The State of Nature in the EU: an unfavourable picture for freshwaters

26 May 2015


Avon Meadows Community Wetlands in Worcestershire, England have been created on the rural-urban fringe to encourage biodiversity, reduce flooding and improve water quality on the nearby River Avon. Image: Geoff Moore | Flickr | Creative Commons

Last week the European Environment Agency released their ‘State of Nature in the EU‘ report, which uses comprehensive data collected across the continent between 2008-2012 assess the status of and trends in biodiversity and natural habitats across Europe.  Data on Europe’s species and habitats was collected by individual countries (or member states) as part of monitoring for the Birds Directive and the Habitat Directive – European environmental policies designed to help guide conservation, protected area management and environmental restoration across the continent (more information on these at the bottom of the post).

Hans Bruyninckx, the Executive Director of the European Environment Agency said“This unique assessment is a first of its kind, building on extensive observation networks of experts and citizens alike. Despite some information gaps, it provides the most complete picture of Europe’s biodiversity to date.  The results are mixed but clear. When implemented well, conservation measures work and improve the status of habitats and species on the ground. Such improvements remain limited and patchy, and unfortunately Europe’s biodiversity is still being eroded overall and the pressures continue”

The results of the study for freshwaters are largely unfavourable.  Around half of the conservation status of river and lake habitats and species reported to the Habitats Directive are deemed ‘unfavourable-inadequate‘.  It is worth noting that the habitats and species assessed by the Habitats Directive were already deemed rare, endangered or otherwise threatened.  However, the picture is still not positive: around a third of these conservation statuses are in decline, suggesting that a significant proportion of Europe’s freshwater species and habitats face significant threats to their health and diversity.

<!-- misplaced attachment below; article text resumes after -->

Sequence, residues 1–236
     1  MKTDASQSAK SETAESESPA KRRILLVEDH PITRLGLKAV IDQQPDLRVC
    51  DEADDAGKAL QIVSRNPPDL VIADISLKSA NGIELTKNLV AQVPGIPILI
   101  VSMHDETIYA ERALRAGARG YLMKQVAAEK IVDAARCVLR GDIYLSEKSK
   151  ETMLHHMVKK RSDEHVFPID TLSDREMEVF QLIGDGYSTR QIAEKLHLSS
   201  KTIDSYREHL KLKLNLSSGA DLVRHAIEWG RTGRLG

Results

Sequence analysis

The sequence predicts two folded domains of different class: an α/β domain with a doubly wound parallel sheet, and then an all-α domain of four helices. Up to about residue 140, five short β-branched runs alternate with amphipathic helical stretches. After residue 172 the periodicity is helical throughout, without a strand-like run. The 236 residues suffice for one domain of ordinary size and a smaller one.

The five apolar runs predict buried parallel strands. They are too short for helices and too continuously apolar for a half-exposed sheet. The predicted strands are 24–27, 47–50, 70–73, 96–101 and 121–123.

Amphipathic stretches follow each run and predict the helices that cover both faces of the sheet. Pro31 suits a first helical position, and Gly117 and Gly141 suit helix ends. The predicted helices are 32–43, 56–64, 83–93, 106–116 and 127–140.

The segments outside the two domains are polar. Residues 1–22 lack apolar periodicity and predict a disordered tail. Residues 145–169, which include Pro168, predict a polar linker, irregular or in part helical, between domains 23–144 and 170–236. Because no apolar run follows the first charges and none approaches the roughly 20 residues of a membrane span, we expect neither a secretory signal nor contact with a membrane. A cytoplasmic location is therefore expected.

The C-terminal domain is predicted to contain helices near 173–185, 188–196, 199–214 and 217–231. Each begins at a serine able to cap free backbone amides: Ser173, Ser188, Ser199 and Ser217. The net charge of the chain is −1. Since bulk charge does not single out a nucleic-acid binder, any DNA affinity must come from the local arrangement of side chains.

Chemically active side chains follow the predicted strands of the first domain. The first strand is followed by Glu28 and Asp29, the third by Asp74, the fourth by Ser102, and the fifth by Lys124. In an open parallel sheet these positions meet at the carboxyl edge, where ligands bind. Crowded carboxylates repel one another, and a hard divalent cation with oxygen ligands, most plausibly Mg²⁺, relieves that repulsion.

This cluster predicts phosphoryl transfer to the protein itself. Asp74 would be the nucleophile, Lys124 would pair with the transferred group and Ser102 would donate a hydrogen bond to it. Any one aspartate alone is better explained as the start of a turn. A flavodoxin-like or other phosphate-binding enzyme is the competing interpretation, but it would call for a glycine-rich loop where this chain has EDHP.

Rivers and lakes were found to be most impacted by modifications to natural conditions (for example: river channel modification and fragmentation, water abstraction, draining of wetlands), water pollution and the impact of agriculture (e.g. fertiliser run-off).  Changes to natural conditions were particularly damaging pressures for birds which live in freshwater habitats, presumably due to a reduction in available nesting and feeding sites.

Protected area designation was reported as the most popular conservation measure implemented by member states to mitigate the identified threats for both birds and wider habitats.  For non-bird species – largely fish, invertebrates and amphibians – conservation measures were more diverse, including restoring hydrological regimes, legally protecting habitats and species, and improving water quality.

MARS project leader Daniel Hering commented on the findings, suggesting that whilst water quality in Europe is improving, any widespread improvements in freshwater biodiversity and habitat quality lag well behind:

“The negative assessment of river and lake conservation status is in line with the results of the Water Framework Directive monitoring. Both the assessment under the Habitats Directive and under the Water Framework Directive rate the status of lakes and rivers quite negatively.